Sunday, March 3

It's coming up spring


          It’s coming up spring. If I close my eyes, I can remember my mom moving purposefully through the house with a bandana tied Aunt-Jemima-style over her hair. She carried a bucket of hot water and the broom with a towel over its bristles. She started with the ceiling and worked her way down, and by evening of the second day, the house gleamed with wax and polish and smelled wonderfully lemony. Though Mom didn't have a nice house or—I believe—great happiness in her life, this thing gave her joy. Gave her contentment that was often lacking.
          I’m pretty much a straight-through writer. I start the day by reading what I wrote yesterday. I fix the most glaring of the errors from the day before and plod ahead. (I used to plunge ahead, but that turned into a plod a few years back—I’m really afraid the next step will be walking in place.) Sometimes I read the whole chapter I’m working on, but I don’t do a full-scale read of the work in progress until it’s done.
          Except for when I do.
          Sometimes knowing the manuscript needs some cleaning up stops that forward motion altogether. Inserting a new plot point can slow you simply because you know beyond all doubt you need to go back and foreshadow, maybe beef up the conflict, add a character in Chapter Two rather than waiting till the middle of the book. Occasionally, you need to make sure you've kept the hero’s eye color the same all the way through because you’re almost sure you said blue once and they’re not blue at all.
          That’s when you have to take some time and read the whole thing. Do some dusting. Some cleaning. Some trash-tossing. At first, it might feel like a waste of time, but then you get involved in the story again, you remember why you love it, you realize that scene really is funny. You get to…yes, drat it, you did say he had blue eyes—what were you thinking?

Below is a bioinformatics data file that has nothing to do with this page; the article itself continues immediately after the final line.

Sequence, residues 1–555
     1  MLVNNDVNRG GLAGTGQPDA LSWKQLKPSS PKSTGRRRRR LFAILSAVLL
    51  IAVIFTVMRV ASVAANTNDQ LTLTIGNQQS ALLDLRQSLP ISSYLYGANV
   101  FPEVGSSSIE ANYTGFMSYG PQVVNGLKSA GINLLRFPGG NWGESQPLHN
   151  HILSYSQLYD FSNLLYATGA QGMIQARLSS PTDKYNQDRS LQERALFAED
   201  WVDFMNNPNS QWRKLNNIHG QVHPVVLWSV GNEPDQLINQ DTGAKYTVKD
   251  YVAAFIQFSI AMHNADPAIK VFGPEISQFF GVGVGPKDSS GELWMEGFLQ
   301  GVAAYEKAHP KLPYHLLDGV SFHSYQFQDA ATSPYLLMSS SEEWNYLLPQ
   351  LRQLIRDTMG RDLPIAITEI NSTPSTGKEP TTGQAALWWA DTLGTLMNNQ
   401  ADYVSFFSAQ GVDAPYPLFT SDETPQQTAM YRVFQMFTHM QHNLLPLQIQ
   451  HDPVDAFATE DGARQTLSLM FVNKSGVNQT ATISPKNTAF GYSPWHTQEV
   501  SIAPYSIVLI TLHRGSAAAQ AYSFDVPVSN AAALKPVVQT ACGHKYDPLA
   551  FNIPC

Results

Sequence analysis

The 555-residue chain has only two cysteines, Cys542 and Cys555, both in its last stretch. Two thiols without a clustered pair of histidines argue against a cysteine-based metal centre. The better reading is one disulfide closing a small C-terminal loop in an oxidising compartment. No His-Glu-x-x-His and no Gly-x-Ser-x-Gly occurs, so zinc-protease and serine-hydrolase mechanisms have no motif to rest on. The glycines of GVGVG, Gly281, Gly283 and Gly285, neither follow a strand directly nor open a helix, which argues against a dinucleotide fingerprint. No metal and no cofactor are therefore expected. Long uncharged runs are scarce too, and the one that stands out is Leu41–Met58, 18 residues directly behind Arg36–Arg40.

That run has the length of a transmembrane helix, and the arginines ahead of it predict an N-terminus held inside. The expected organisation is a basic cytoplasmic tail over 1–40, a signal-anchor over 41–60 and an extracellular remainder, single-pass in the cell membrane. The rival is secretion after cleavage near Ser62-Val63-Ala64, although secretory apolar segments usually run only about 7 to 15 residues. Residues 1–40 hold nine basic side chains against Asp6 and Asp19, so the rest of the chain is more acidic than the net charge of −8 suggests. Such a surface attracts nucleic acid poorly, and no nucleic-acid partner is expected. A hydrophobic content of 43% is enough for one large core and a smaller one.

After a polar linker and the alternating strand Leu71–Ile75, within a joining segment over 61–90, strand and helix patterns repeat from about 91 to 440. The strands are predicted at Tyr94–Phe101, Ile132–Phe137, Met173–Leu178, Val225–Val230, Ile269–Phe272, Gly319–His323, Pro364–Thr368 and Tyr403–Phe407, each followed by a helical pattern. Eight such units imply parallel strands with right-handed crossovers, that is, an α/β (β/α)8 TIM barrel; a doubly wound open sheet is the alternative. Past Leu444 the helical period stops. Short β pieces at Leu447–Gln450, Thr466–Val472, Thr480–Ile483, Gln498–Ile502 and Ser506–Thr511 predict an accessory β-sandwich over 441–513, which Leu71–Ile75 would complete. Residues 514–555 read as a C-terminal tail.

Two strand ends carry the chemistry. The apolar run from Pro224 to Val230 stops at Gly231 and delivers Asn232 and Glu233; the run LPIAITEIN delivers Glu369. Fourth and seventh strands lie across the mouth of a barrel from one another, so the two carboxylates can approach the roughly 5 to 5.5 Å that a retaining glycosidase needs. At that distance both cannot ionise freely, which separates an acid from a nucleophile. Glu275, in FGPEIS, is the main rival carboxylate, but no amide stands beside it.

And even if writing the book has been hard and not always happy, for a while you might plunge ahead instead of plod. You might feel the joy that’s been elusive. You might find the contentment as a writer you've always coveted, at least for a time, because your ceiling-to-basement polish of your manuscript will remind you that yes, your work is good enough, yes, your voice is distinctive enough, and yes, you can finish the book without losing your mind.
          It’s spring cleaning. Nothing like it.

18 comments:

  1. Loved your post Liz! Your writing habits sounds just like mine. Makes me feel good to know I'm not alone and that sometimes I can just read what I wrote the day before and sometimes I go all out and read from start to finish (which drives me crazy when I do that because I feel like I'm wasting time) lol Even though I'm really just getting back into the flow and tweaking :)

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  2. I love this, Liz. I'm feeling that way, a little bit, right now. Because I love the new WIP but I also know there are a couple points where it needs a little spring cleaning...guess it's time to start cleaning, eh?

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  3. @Christine - I know, that "wasting time" thing always worries me, even when I know it's really not!

    @Kristi - Thanks! Sometimes getting those points cleared up can improve the flow so much--that's when you know it's worth it.

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  4. Liz, this post is so timely for me. I wrote the first draft of a novella over the summer months and have been procrastinating getting back to it. I did start on it just after the holidays, but got waylaid again. Finally I decided I needed to get this done, so I could submit it and go onto plotting out my next project. And as I finish up the final edit, I'm rediscovering what I loved about this story and characters.